Document Type


Date of Award

Fall 10-31-1996

Degree Name

Doctor of Philosophy in Electrical Engineering - (Ph.D.)


Electrical and Computer Engineering

First Advisor

Yun Q. Shi

Second Advisor

Joseph Frank

Third Advisor

Edwin Hou

Fourth Advisor

Zoran Siveski

Fifth Advisor

Daochuan Hung


Over the last ten years. research on the analysis of visual motion has come to play a key role in the fields of data compression for visual communication as well as computer vision. Enormous efforts have been made on the design of various motion estimation algorithms.

One of the fundamental tasks in motion estimation is the accurate measurement of 2-D dense motion fields. For this purpose. we devise and present in this dissertation a multiattribute feedback computational framework. In this framework for each pixel in an image. instead of a single image intensity. multiple image attributes are computed as conservation information. To enhance the estimation accuracy. feedback technique is applied. Besides. the proposed algorithm needs less differentiation and thus is more robust to various noises. With these features. the estimation accuracy is improved considerably. Experiments have demonstrated that the proposed algorithm outperforms most of the existing techniques that compute 2-D dense motion fields in terms of accuracy.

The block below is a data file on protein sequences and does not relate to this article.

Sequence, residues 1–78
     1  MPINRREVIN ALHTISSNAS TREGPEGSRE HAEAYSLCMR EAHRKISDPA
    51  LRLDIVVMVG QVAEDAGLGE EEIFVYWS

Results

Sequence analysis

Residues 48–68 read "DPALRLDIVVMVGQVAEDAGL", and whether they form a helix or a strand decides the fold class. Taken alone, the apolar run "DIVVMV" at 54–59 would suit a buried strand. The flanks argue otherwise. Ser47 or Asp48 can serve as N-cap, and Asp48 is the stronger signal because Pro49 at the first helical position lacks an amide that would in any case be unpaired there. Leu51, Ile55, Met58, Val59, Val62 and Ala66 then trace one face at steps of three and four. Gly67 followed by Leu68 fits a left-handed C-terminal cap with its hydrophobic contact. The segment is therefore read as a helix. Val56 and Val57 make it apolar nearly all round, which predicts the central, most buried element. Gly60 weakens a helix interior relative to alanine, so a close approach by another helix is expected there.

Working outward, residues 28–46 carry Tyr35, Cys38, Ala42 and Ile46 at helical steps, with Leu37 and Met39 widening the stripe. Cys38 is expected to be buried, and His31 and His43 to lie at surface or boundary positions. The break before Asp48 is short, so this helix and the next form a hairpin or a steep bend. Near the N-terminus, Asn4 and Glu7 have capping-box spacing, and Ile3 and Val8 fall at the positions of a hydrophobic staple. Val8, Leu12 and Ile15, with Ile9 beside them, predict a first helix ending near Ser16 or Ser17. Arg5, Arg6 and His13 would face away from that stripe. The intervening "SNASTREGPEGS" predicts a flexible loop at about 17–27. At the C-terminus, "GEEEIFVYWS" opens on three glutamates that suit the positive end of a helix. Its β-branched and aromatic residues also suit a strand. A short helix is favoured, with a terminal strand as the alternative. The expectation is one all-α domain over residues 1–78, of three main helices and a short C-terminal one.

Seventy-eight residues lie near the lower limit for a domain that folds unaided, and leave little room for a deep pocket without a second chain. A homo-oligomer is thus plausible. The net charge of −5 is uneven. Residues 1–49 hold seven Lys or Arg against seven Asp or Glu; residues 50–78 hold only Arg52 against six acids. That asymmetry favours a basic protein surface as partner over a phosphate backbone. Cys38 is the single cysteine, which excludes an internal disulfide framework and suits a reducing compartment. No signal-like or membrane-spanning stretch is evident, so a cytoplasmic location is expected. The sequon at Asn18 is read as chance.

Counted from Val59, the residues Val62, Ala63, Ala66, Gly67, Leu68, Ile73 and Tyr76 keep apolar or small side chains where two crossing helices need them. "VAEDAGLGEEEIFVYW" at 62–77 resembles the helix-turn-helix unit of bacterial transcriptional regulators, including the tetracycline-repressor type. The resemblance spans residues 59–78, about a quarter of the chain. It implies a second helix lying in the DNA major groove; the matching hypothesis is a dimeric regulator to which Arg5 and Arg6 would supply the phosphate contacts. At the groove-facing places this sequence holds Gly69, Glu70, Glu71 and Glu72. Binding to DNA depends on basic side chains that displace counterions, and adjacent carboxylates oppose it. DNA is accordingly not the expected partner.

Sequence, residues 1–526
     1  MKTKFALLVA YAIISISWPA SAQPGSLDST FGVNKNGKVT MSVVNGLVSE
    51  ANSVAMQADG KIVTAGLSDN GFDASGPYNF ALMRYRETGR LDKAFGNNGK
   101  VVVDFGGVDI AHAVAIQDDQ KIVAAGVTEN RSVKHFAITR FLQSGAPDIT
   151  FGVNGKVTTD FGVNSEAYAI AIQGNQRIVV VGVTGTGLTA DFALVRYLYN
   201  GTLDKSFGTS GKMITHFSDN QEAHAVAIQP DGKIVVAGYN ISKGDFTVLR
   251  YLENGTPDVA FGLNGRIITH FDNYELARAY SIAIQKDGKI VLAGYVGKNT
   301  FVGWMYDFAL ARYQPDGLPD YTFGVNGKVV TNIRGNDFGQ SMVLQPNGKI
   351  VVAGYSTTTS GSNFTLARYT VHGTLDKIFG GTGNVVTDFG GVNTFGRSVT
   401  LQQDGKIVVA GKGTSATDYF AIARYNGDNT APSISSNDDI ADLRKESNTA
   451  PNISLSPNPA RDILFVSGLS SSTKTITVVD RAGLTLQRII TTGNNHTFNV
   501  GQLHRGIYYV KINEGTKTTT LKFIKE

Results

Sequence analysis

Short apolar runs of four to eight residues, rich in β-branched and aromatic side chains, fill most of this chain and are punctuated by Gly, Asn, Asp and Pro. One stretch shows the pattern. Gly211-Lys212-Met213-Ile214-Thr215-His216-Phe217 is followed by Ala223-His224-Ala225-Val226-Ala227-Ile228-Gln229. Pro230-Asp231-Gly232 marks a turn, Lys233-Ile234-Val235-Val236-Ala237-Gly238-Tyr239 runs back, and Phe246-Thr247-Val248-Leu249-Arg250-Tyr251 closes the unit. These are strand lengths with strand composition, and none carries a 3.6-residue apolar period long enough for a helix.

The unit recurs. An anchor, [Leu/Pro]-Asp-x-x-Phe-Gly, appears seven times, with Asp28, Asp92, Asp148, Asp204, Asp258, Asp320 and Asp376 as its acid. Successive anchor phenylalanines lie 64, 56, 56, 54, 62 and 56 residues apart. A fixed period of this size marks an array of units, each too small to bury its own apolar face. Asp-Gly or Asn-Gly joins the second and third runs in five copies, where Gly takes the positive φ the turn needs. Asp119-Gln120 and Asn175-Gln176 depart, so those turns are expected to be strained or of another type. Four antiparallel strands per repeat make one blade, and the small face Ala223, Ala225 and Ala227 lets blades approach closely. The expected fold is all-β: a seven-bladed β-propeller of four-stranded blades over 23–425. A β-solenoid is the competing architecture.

The estimation of 2-D block motion vector fields has been dominant among techniques in exploiting the temporal redundancy in video coding owing to its straightforward implementation and reasonable performance. But block matching is still a computational burden in real time video compression. Hence. efficient block matching techniques remain in demand. Existing block matching methods including full search and multiresolution techniques treat every region in an image domain indiscriminately no matter whether the region contains complicated motion or not. Motivated from this observation. we have developed two thresholding techniques for block matching in video coding. in which regions experiencing relatively uniform motion are withheld from further processing via thresholfing. thus saving compu­tation drastically. One is a thresholding multiresolution block matching. Extensive experiments show that the proposed algorithm has a consistent performance for sequences with different motion complexities. It reduces the processing time ranging from 14% to 20% while maintaining almost the same quality of the reconstructed image (only about 0.1 dB loss in PSNR). compared with the fastest existing multiresolution technique. The other is a thresholding hierarchical block matching where no pyramid is actually formed. Experiments indicate that for sequences with less motion such as videoconferencing sequences. this algorithm works faster and has much less motion vectors than the thresholding multiresolution block matching method.



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